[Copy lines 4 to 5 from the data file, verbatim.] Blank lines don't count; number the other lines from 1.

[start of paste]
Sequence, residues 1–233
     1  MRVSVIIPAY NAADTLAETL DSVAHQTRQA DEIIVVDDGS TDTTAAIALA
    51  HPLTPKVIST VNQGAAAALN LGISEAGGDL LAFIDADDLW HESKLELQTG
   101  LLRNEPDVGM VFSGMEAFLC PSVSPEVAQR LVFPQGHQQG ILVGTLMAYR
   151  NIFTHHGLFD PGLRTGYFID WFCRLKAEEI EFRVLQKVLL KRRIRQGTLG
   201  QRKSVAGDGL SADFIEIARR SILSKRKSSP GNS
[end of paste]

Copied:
   101  LLRNEPDVGM VFSGMEAFLC PSVSPEVAQR LVFPQGHQQG ILVGTLMAYR
   151  NIFTHHGLFD PGLRTGYFID WFCRLKAEEI EFRVLQKVLL KRRIRQGTLG